But years of noise exposure is the more likely explanation for hearing loss in people in their 50s, Bondurant said. Fetterman is 53.

“In his age range, I would be more inclined to say noise exposure was a contributing factor,” she said.

What about his auditory processing?

Even if Fetterman’s stroke did not damage his hearing, it did impair his brain’s ability to perform a suite of tasks known as auditory processing.

These skills include recognizing sounds as speech, mapping them against known words, and formulating a spoken response. He underwent months of therapy to improve his speaking ability, though he still has continued to stumble.

The added burden of a hearing loss means his auditory processing deficits must have been even more of a challenge, Bondurant said.

“Anything that results in a distorted signal reaching the brain, it’s going to make it harder for the brain to decipher the incoming information,” she said. “The brain has to work that much harder to comprehend what’s coming in.”

So his hearing aids, though meant to treat his hearing loss, also could help Fetterman to overcome unrelated auditory processing deficits, she said.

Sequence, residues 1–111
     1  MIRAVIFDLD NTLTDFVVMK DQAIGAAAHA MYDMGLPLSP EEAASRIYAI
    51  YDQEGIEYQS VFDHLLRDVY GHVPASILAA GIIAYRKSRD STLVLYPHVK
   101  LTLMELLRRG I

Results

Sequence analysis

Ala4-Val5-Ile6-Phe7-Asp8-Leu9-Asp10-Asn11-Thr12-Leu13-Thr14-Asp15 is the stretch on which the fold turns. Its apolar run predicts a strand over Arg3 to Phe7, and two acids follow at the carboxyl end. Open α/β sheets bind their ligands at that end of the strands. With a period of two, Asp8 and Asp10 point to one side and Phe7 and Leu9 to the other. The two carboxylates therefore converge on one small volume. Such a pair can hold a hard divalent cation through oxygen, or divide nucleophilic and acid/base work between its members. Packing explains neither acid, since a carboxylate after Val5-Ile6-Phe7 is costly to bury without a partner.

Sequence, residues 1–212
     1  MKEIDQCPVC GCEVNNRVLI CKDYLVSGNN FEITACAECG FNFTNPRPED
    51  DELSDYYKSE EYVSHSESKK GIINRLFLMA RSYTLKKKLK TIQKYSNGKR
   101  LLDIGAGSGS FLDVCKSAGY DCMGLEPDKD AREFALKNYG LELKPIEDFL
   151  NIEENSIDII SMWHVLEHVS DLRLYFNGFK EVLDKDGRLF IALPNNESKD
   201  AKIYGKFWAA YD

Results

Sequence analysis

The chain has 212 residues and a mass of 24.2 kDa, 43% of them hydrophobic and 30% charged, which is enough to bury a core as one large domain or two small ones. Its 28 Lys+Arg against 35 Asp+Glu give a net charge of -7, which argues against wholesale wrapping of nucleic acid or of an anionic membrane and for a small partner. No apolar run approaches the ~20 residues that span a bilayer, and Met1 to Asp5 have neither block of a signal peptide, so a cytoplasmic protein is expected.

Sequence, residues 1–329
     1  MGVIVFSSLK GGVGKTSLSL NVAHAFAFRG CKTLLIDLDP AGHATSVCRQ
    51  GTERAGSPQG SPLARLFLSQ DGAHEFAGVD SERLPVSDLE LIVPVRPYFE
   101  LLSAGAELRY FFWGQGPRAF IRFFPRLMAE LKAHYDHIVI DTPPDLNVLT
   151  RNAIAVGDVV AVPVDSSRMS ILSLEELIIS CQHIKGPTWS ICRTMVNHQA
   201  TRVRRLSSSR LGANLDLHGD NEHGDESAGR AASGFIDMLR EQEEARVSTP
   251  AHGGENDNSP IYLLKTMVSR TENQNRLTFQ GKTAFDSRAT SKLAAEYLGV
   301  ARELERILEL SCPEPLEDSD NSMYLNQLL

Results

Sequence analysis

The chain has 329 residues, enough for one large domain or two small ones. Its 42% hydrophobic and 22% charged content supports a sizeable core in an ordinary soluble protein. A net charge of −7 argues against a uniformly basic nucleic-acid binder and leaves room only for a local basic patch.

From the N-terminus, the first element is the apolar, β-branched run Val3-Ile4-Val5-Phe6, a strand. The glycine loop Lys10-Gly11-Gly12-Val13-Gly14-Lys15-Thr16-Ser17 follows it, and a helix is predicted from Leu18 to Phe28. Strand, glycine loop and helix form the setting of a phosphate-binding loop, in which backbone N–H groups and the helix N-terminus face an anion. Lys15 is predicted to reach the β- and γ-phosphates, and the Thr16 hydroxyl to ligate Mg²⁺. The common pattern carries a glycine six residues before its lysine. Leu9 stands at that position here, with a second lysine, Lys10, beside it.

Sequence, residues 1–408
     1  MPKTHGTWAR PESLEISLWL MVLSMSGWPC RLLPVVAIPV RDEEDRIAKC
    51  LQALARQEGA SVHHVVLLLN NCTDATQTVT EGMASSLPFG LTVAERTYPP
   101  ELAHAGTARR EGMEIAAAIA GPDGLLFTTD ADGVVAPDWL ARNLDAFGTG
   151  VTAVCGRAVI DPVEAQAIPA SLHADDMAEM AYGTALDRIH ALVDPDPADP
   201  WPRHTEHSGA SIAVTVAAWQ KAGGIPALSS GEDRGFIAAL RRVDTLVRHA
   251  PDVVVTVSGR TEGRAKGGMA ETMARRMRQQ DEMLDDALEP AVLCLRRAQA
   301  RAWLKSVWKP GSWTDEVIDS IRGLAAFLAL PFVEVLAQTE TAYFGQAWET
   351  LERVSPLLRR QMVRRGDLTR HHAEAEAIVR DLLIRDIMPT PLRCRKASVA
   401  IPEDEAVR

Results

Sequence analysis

“The clearer we can make that incoming signal,” she said, “the easier it’s going to be for the brain to make sense of the information.”

What is ‘mild to moderate’ hearing loss?

Fetterman’s office said he was diagnosed with “mild to moderate” hearing loss.

The term is widely used, but Costlow is not a fan, as it makes it sound as if the patient has a minor issue.

“It’s a bit of a misnomer,” the Jefferson audiologist said. “Mild to moderate hearing loss could cause significant difficulty in communication.”

According to the CDC, a person with mild hearing loss may have trouble with hearing soft sounds, whereas a person with moderate hearing loss may struggle to hear speech even at a normal level. People with mild to moderate hearing loss may first perceive the problem in crowds or other noisy settings.

Hearing aids can help, as they can be programmed with multiple customized settings to compensate for the wearer’s surroundings — perhaps with one program that muffles the background noise in a noisy restaurant, and another setting that neutralizes the echoes in a large auditorium.

Until last year, people with mild to moderate hearing loss could get hearing aids only after being evaluated by an audio-logist or licensed hearing-aid dispenser. In August, the FDA authorized the sale of “over-the-counter” hearing aids to people with mild to moderate hearing loss, meaning they no longer need to get tested by a professional.

Fetterman’s office did not provide details about his hearing tests, saying simply that he was evaluated and fitted for hearing aids.

That suggests he got traditional prescription hearing aids from an audiologist, who could help him program, adjust and learn to use the device as needed, Bondurant said.

“Someone who is in lots of meetings and different environments, like he is, would be better off going the prescription hearing-aid route,” she said. “They can be tailored to all these different listening environments.”